Genetic testing for diagnosis of inheritable cardiac rhythm disorders
Newton S, Mittal R, Hill H, Carter D, Schubert C
Record ID 32018002419
Original Title: MSAC application 1598
Authors' objectives: To assess the safety, clinical effectiveness and cost effectiveness of genetic testing for the diagnosis of inheritable cardiac rhythm disorders. The proposed use of the test was in affected individuals (patients with clinical suspicion of inheritable cardiac arrhythmia syndrome), and cascade testing in biological relatives of affected individuals with a positive genetic diagnosis. The test comprised a panel of at least 20 genes implicated in inherited cardiac arrhythmias or channelopathies. This HTA was undertaken for the Australian Government to inform their decision making around publicly funding the test via the Medicare Benefits Schedule.
Authors' results and conclusions: Safety: Genetic testing has non-inferior safety compared to no testing in both affected individuals and family members. It was found that the clinical diagnosis of a cardiac arrrhythmia may adversely affect mental health status. Clinical Effectiveness: With regard to analytical performance, NGS panels were found to be highly accurate for detecting pathogenic variants in long QT syndrome (LQTS), when compared to Sanger sequencing. A benefit in clinical validity was shown by genetic testing, with a small proportion of patients receiving a changed diagnosis after testing. Genetic testing was also superior to clinical assessment alone at determining the subtype of LQTS, which is important as it impacts on prognosis. With regard to clinical utility, an important benefit was identified for family members of individuals with at least one pathogenic variant, as they can be safely discharged from further surveillance if they do not carry the variant. Conversely, those identified with the variant can receive appropriate surveillance and treatment, such as prophylactic measures. However it is difficult to quantify the benefit, as it is not known to what degree family members comply with current surveillance recommendations in the absence of genetic testing. For some affected individuals, knowing the genotype can help to modify treatment recommendations, especially with regard to avoiding triggers. The main ethical issues raised in the literature relate to insurance discrimination, equity of access to testing, patient motivations to test or not test, reproductive decision making, and issues of personal identity and coping. Furthermore, cascade testing raises a host of ethical issues, particularly who ought to share the information with relatives (the proband or the doctor), how and why they ought to share it, what helps and hinders the information sharing, and under what circumstances the doctor might be ethically justified in breaching confidentiality with the proband. Cost effectiveness: Genetic testing results in cost-savings due to unneccesary surveillance avoided in genotype-negative family members, and informs about variant status for index cases and family members tested. Sensitivity analyses shows that the cost savings were higher when diagnostic yield was higher and when more family members per index case were tested; cost savings decreased with decreases in these variables. Overall: For affected individuals, on the basis of the evidence, it is suggested that, relative to clinical assessment alone, genetic testing for inheritable cardiac arrhythmias and channelopathies and associated interventions has non-inferior safety and non-inferior effectiveness. For family members, on the basis of the evidence, it is suggested that, relative to clinical assessment alone, genetic testing for inheritable cardiac arrhythmias and channelopathies and associated interventions has non-inferior safety and superior effectiveness. The test for both affected individuals and cascade testing in biological relatives was recommended for funding at the MSAC meeting in November 2020.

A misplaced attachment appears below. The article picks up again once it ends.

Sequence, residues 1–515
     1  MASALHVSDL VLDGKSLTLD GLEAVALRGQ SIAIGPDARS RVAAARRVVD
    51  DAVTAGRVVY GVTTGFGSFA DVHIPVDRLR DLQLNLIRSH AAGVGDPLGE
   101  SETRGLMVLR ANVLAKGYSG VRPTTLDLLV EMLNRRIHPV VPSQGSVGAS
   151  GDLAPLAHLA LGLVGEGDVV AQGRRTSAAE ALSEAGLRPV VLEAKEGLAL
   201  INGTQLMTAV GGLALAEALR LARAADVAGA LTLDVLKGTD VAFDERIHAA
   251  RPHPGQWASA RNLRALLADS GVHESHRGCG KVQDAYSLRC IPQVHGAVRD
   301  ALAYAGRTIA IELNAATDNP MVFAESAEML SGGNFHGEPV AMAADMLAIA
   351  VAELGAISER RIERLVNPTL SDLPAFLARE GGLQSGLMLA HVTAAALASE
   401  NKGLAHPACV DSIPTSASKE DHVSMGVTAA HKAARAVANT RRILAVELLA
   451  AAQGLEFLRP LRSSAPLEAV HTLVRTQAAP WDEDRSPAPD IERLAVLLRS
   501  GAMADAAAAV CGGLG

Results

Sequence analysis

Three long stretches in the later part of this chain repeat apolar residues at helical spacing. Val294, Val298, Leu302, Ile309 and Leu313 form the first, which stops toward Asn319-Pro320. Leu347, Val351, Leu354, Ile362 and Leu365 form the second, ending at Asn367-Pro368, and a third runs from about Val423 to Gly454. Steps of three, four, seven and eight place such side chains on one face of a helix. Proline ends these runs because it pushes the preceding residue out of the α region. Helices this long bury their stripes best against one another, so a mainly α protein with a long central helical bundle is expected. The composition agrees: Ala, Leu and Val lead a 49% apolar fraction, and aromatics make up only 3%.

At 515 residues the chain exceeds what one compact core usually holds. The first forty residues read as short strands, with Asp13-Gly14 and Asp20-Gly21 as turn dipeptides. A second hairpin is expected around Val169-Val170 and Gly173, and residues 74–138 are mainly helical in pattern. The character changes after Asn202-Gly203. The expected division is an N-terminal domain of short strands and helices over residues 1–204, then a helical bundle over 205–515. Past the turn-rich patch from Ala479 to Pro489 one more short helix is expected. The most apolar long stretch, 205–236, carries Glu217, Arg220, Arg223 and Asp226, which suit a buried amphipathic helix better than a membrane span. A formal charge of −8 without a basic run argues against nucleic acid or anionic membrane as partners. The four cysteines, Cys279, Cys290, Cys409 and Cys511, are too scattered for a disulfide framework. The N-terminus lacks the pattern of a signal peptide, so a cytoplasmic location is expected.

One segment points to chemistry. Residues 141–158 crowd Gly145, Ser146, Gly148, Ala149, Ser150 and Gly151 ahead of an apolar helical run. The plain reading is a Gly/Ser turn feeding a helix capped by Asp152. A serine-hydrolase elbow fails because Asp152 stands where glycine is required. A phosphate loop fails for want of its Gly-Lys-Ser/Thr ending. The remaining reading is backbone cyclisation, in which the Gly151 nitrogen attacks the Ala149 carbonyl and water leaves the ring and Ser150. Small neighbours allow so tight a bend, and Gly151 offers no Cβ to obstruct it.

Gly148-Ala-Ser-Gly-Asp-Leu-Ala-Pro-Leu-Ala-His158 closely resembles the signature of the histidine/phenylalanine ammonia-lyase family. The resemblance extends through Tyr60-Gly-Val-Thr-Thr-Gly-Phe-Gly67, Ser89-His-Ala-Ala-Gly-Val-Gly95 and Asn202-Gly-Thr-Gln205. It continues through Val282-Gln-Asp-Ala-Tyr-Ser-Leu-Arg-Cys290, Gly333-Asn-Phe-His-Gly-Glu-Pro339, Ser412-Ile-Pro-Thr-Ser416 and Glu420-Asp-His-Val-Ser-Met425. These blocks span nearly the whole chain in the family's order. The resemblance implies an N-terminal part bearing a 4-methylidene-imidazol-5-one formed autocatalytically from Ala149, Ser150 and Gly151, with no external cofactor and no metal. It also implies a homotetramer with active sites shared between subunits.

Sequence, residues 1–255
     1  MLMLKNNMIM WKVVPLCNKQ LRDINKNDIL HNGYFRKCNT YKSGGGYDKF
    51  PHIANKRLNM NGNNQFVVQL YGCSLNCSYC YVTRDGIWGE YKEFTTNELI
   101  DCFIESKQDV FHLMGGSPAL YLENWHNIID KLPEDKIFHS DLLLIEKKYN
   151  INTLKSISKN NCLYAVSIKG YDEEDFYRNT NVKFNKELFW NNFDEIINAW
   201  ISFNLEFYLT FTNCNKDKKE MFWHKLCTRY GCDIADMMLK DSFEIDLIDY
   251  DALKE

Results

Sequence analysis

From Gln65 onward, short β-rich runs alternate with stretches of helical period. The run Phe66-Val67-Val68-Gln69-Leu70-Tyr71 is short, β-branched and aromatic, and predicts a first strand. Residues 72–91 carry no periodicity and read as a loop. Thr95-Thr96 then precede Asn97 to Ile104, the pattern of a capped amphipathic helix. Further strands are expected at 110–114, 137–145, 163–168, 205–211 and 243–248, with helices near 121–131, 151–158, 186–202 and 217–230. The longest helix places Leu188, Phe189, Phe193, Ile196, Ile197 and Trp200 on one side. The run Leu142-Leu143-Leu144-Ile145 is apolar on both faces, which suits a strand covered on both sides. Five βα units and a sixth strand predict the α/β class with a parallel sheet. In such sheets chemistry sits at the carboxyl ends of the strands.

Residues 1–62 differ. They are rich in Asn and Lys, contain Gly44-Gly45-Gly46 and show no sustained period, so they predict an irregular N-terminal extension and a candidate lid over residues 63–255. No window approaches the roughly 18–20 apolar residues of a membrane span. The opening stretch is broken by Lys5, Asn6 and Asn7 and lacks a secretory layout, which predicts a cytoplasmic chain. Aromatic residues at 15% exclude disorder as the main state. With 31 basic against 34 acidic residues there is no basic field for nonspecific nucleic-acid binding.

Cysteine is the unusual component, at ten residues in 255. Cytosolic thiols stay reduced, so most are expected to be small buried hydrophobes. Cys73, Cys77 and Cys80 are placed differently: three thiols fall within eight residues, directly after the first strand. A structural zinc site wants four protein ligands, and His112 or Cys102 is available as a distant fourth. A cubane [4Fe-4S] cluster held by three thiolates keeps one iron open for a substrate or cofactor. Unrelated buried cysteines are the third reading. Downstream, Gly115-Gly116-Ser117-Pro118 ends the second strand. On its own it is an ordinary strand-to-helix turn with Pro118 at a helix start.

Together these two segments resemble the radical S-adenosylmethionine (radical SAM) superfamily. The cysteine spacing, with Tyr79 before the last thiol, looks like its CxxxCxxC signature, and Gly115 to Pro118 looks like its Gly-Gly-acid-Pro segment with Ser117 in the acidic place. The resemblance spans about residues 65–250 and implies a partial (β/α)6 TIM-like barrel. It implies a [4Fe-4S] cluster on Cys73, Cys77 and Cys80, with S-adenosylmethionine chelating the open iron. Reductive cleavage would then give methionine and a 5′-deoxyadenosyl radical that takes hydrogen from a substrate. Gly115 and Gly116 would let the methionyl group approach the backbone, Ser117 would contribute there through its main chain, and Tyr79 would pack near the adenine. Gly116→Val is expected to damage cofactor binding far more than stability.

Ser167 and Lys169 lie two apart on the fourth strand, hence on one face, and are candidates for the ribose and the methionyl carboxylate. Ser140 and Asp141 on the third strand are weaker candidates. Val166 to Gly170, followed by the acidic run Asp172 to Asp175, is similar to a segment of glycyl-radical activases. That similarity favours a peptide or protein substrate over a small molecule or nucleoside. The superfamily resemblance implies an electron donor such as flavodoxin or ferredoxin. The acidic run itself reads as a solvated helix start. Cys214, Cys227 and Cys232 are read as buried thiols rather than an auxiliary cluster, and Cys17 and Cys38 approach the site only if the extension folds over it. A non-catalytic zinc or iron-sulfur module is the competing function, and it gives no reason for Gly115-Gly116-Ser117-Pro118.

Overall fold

Authors' methods: A systematic review was undertaken to investigate the research questions. The review was guided by PPICO criteria. A linked evidence approach that considered analytical validity, clinical validity, clinical utility was applied. A review of relevant ethical, legal and social implications was also undertaken. A cost-effectiveness and cost-comparison analysis was undertaken. Sensitivity analyses around the areas of uncertainty in the model were undertaken.
Project Status: Completed
Year Published: 2020
URL for published report: http://www.msac.gov.au/internet/msac/publishing.nsf/Content/CE612E4A44B40BEDCA258480000BD9C0/$File/1598%20Final%20PSD_Nov2020.pdf
English language abstract: An English language summary is available
Publication Type: Not Assigned
- Genetic Testing
- Atrial Fibrillation
- Genetic Predisposition to Disease
- Arrhythmias, Cardiac
- genetic testing
- long QT syndrome
- inherited cardiac arrhythmias
- Jervell and Lange-Nielsen syndrome
- Brugada syndrome
- catecholaminergic polymorphic ventricular tachycardia
Organisation Name: Adelaide Health Technology Assessment
Contact Address: School of Public Health, Mail Drop 545, University of Adelaide, Adelaide SA 5005, AUSTRALIA, Tel: +61 8 8313 4617
Contact Name: firstname.lastname@example.org
Contact Email: email@example.com
Adelaide Health Technology Assessment (AHTA) on behalf of NICS
This is a bibliographic record of a published health technology assessment from a member of INAHTA or other HTA producer. No evaluation of the quality of this assessment has been made for the HTA database.